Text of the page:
Making ballet more approachable with Frankenstein

Mark Allan

Special to The Record

Among other things, the artistic and executive director of Ballet Victoria has a keen sense of history.

Two hundred years after Mary Shelley wrote Frankenstein and almost 150 years since the introduction of the iconic romantic ballet Giselle, Paul Destrooper has merged both in a presentation Oct. 19 at the Sid Williams Theatre.

Ballet Victoria’s Frankenstein is Destrooper’s latest attempt to make ballet more approachable for audiences.

“We like to play with different ideas and maybe push ballet in not necessarily a populist … direction, but Giselle can be seen as a little bit elitist. But there’s some beautiful music and some beautiful choreography in Giselle.”

Created by dancer Jean Coralli and choreographer Jules Perrot, Giselle is the tale of a country girl’s innocent love for Duke Albrecht. After she learns he is engaged to marry a princess, Giselle suffers violent hallucinations and dies. The Queen of the Wilis, the ghosts of young girls who die before their time, condemns Albrecht to dance until he dies of exhaustion.

“If you can approach it with a tiny bit of humour,” Destrooper explains, “you can think that Giselle is the original zombie ballet.”

Shelley’s gothic novel tells how Dr. Frankenstein creates a living creature from the body parts of several corpses.

“The creature, when it’s brought to life, it’s like a newborn. It looks at people’s relationships: It doesn’t understand the concept of good or bad.”

Wanting a relationship like the doctor has with his wife, the creature demands that Frankenstein creates a mate for it. Having second thoughts, Frankenstein destroys the creature’s mate, leading to it killing the doctor’s wife.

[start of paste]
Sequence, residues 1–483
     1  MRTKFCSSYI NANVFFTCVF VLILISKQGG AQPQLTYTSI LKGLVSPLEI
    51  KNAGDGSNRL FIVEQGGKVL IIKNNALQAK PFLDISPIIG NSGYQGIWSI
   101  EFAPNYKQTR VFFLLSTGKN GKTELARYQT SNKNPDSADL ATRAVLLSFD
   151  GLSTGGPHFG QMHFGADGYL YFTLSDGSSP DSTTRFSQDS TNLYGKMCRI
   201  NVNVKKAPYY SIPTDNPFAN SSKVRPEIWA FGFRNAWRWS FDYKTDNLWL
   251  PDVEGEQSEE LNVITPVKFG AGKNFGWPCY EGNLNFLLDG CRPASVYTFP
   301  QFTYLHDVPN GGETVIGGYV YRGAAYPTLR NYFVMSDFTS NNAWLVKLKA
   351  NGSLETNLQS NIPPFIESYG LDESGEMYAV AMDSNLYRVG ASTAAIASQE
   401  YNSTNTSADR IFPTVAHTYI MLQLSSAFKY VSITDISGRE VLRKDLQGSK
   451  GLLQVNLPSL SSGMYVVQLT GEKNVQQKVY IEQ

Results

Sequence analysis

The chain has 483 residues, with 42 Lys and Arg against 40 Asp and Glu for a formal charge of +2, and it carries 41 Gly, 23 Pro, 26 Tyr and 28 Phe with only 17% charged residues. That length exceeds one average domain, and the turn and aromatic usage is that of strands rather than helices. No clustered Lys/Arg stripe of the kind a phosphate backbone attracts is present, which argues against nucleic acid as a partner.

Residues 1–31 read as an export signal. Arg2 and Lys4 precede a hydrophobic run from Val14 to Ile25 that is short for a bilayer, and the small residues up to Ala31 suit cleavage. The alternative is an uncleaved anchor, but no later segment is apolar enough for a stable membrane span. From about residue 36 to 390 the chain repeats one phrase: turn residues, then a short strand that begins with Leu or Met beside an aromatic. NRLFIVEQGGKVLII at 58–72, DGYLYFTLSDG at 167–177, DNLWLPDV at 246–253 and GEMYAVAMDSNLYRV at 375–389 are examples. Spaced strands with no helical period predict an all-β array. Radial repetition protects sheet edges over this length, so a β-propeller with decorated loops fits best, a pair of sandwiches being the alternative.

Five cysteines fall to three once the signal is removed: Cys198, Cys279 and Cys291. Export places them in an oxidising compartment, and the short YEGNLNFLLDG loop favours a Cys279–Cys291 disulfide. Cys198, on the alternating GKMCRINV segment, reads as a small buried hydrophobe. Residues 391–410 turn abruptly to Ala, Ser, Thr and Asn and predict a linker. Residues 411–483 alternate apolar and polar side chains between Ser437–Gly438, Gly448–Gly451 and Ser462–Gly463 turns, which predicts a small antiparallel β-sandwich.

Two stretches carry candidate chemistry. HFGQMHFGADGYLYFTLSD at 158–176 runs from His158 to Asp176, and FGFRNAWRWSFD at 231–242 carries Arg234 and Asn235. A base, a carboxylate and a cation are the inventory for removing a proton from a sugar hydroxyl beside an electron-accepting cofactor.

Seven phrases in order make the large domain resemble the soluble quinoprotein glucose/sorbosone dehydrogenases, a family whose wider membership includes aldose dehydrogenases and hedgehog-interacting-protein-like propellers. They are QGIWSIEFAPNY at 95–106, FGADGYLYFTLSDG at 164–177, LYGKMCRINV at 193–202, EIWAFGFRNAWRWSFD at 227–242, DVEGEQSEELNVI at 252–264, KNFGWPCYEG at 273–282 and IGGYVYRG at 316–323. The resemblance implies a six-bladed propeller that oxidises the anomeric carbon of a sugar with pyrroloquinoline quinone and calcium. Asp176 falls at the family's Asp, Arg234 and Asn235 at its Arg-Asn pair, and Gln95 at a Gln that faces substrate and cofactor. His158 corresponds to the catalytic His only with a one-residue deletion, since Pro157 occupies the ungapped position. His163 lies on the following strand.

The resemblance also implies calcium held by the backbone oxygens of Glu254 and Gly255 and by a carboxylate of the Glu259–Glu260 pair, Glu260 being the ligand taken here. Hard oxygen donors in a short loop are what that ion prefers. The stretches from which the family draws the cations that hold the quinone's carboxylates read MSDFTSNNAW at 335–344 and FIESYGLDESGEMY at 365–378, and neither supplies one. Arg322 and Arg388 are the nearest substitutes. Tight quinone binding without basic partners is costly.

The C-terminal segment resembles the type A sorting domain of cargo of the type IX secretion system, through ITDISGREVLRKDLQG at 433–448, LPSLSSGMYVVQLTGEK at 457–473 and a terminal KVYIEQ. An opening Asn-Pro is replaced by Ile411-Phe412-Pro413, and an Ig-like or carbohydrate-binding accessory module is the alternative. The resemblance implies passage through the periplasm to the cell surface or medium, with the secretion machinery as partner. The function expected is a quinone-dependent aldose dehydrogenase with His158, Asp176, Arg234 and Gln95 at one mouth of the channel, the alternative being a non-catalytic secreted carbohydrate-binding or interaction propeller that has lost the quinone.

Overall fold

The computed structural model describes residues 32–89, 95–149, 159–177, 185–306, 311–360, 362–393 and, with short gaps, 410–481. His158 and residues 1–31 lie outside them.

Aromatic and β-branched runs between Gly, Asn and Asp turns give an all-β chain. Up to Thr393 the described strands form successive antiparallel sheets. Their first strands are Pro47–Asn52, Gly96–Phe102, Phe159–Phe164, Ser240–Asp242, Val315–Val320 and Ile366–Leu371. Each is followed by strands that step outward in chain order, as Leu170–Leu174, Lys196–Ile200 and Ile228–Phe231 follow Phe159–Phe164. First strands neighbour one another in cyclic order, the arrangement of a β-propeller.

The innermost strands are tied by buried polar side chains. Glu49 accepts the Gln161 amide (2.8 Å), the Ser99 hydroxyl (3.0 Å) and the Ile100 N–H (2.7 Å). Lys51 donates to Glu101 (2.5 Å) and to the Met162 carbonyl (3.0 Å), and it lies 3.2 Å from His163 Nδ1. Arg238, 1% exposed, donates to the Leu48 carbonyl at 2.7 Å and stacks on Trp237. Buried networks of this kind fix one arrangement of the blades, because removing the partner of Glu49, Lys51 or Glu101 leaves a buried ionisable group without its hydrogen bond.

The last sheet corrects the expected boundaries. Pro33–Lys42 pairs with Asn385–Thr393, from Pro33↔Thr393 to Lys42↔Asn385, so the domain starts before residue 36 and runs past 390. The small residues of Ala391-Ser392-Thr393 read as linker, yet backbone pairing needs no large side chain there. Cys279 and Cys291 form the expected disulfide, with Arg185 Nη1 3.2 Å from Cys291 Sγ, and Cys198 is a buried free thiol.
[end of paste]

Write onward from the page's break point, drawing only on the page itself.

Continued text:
In Destrooper’s version, a heart inserted into the creature originally belonged to the doomed Giselle.

While all this sounds dark and morbid, Destrooper insists “a bit of the Addams Family flair” and a romantic theme will lighten the proceedings.

“It is a tragedy, the book, but I have put humour in there and some redeeming qualities of the characters. It’s still going to be family-accessible.”

Always looking for a way to include modern music with classics, Destrooper’s score

features Verdi and Shostakovich alongside some of the soundtrack from Life Is Beautiful, a 1997 Italian tragicomedy starring Roberto Benigni.

“It works,” Destrooper summarizes.

Including him, 12 dancers will be part of a two-minivan/truck convoy to come up from Victoria. The troupe’s four productions this season also include Carmina Burana and Alice In Wonderland. What pique’s Destrooper’s constantly questing imagination?

“Stories. I am interested in characters,” explains Destrooper, adding that he majored in literature at university.

“I still like telling stories. I still like looking at life and sharing those vignettes with the audience, but make it more accessible. Maybe it does make it populist but it also makes it relevant.”

With 73 new productions to its credit, Ballet Victoria is in its 16th season.

Ballet Victoria presents Frankenstein Oct. 19 at the Sid Williams Theatre in Courtenay, Oct. 26-28 at the McPherson Playhouse in Victoria.

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